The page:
Report: repair saves households money

Our friends over at US PIRG have produced a new report looking into the household economics of repair in the USA. The report mostly frames the Right to Repair as a way to boost the local economy and save people money.

They looked at average household spending on electronic and electrical devices/appliances, the lifespan of some representative products and the cost of replacing and repairing them to reach the following conclusions:

:shopping: American households spend about $1,480 purchasing new electronic products per year.

:moneybag: Repair could reduce household spending on electronics and appliances by 22 percent, which would save an average family approximately $330 per year.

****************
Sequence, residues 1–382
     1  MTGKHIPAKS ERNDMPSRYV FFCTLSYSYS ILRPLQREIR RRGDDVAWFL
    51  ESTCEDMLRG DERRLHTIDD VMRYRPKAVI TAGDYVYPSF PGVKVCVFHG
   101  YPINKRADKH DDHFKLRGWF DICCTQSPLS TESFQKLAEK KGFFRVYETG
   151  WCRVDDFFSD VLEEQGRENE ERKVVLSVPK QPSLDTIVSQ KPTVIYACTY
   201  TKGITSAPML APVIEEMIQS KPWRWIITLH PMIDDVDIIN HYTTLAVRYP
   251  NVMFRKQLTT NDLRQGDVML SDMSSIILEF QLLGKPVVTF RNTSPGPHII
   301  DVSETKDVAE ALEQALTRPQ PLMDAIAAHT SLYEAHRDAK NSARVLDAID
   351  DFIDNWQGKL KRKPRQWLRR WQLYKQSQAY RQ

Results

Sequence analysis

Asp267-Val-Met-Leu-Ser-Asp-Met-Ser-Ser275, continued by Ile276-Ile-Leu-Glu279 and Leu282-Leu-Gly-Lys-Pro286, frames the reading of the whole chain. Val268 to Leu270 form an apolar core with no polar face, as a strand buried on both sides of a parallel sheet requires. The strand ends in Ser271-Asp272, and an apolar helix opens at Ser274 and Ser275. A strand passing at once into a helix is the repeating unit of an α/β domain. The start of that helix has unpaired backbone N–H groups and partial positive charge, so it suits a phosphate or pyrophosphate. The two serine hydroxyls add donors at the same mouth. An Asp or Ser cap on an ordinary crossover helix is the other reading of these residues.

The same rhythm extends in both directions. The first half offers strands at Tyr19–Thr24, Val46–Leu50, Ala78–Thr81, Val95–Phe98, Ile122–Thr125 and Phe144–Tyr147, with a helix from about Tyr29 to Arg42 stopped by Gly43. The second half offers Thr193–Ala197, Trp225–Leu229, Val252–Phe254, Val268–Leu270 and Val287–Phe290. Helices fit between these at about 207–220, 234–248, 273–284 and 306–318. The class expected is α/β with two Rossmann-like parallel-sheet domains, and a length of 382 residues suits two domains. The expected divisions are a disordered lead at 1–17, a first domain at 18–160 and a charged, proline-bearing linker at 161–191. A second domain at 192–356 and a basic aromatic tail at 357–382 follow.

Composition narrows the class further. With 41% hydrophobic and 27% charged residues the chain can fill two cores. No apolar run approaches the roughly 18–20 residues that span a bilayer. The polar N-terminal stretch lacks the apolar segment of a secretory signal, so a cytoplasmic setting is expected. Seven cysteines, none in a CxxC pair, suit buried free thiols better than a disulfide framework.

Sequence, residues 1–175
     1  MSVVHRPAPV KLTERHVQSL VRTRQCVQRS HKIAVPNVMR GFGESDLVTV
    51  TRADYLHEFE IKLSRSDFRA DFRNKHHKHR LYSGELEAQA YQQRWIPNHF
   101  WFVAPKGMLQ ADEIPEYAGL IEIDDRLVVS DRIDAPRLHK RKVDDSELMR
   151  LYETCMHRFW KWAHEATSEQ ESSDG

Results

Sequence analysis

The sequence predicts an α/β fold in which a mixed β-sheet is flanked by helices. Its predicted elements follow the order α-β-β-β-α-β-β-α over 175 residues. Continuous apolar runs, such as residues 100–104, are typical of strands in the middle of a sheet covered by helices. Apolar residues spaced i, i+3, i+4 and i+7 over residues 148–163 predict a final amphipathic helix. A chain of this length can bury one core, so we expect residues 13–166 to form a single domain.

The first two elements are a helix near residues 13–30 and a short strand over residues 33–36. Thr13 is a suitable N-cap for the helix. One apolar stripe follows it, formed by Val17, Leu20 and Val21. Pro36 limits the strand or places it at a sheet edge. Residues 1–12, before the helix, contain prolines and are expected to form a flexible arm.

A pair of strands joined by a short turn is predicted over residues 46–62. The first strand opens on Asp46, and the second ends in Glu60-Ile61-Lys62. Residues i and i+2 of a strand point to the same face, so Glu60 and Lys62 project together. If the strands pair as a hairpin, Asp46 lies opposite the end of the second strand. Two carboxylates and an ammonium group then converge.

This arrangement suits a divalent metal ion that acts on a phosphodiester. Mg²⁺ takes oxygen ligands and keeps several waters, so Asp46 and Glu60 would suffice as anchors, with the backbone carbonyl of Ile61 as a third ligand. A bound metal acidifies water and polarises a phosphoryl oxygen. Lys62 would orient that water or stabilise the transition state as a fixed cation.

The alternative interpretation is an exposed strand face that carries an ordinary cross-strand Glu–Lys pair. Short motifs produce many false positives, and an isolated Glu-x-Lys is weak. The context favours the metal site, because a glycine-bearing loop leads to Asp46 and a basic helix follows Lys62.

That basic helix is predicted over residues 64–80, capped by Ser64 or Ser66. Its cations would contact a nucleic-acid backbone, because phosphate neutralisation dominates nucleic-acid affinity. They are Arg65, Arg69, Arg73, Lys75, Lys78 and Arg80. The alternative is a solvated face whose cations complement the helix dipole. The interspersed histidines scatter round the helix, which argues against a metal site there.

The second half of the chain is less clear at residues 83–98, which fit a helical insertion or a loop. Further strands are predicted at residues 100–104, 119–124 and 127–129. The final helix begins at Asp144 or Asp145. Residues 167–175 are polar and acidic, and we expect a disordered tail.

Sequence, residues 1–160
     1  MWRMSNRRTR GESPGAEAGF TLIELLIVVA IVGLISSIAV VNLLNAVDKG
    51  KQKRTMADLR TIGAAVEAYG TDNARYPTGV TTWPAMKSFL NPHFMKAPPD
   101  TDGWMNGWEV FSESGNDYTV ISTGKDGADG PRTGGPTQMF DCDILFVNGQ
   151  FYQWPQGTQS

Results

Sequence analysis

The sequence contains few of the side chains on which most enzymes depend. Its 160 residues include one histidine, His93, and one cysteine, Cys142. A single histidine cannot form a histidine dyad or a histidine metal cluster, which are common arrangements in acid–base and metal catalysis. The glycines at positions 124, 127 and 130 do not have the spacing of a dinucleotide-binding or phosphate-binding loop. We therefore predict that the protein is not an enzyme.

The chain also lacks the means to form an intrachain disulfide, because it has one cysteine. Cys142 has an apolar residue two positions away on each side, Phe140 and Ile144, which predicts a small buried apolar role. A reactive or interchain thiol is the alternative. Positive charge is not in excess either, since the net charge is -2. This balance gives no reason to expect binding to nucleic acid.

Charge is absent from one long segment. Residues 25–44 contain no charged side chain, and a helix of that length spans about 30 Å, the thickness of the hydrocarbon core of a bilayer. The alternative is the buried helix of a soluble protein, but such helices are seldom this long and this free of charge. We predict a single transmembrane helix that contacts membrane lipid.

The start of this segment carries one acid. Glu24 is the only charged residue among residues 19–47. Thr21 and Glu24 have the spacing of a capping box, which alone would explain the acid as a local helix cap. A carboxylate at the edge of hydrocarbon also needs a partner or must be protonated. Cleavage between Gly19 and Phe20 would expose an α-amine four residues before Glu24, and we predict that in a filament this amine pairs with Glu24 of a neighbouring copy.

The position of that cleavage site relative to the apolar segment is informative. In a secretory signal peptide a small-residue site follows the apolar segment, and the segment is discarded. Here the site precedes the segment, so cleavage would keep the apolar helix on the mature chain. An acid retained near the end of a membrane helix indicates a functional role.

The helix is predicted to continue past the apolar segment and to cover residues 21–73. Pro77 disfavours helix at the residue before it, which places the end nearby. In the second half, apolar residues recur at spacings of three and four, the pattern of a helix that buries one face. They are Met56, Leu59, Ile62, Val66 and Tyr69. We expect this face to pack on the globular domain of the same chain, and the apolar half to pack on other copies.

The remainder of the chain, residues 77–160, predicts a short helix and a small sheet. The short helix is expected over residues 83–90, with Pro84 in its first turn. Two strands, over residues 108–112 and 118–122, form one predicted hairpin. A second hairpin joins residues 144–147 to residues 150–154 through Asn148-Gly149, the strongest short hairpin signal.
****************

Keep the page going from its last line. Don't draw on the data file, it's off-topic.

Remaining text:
It does also include some environmental messaging by addressing the problem of e-waste.

:wastebasket: The average American family generates about 176 pounds [β‰ˆ80 kg] of electronic waste each year […] the United States generates 6.9 million tons [β‰ˆ7.1 million tonnes] of electronic waste

It’s worth noting that in 2019, the US was ranked 8th in the world for the most e-waste generated per person (the UK came 2nd).

The report argues that Right to Repair measures are a key part of reducing e-waste as well as making repair a more practical option for households.

You can read a summary of the report on US PIRG’s site or download it directly (PDF, 960 KB)